See also

  • P vip.svg Biography portal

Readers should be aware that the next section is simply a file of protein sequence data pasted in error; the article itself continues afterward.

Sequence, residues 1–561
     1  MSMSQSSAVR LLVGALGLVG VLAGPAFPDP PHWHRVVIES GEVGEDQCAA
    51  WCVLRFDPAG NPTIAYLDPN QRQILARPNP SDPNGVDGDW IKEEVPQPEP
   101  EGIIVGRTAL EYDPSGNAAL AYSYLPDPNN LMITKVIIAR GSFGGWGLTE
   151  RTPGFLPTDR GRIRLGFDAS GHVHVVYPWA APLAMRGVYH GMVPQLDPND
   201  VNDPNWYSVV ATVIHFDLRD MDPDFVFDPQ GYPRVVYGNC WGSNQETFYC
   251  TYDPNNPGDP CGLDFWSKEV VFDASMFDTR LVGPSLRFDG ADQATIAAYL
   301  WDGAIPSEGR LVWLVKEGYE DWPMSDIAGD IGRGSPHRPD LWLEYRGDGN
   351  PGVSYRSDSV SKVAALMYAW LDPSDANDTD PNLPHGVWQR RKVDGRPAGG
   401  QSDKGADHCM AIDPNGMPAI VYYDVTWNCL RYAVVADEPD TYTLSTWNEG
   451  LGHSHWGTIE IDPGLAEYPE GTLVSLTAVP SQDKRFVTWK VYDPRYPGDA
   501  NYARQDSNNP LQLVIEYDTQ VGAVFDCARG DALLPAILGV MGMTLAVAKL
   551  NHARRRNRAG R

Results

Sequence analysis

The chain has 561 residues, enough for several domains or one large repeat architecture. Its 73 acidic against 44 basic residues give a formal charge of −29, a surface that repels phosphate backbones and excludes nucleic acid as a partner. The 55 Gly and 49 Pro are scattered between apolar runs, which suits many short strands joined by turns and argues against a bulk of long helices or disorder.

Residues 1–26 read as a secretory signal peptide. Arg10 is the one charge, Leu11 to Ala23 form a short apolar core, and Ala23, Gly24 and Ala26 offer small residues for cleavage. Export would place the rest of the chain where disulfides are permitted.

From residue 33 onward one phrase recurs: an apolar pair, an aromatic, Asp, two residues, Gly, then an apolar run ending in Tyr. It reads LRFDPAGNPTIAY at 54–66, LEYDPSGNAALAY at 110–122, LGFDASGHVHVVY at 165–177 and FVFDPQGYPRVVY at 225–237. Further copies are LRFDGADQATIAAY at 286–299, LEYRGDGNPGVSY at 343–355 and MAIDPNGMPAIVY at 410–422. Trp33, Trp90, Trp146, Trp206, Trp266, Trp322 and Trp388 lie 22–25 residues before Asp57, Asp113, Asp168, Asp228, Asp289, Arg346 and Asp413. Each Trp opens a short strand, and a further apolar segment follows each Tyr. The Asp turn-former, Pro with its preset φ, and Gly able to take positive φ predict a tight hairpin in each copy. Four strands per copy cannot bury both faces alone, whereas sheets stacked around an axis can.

References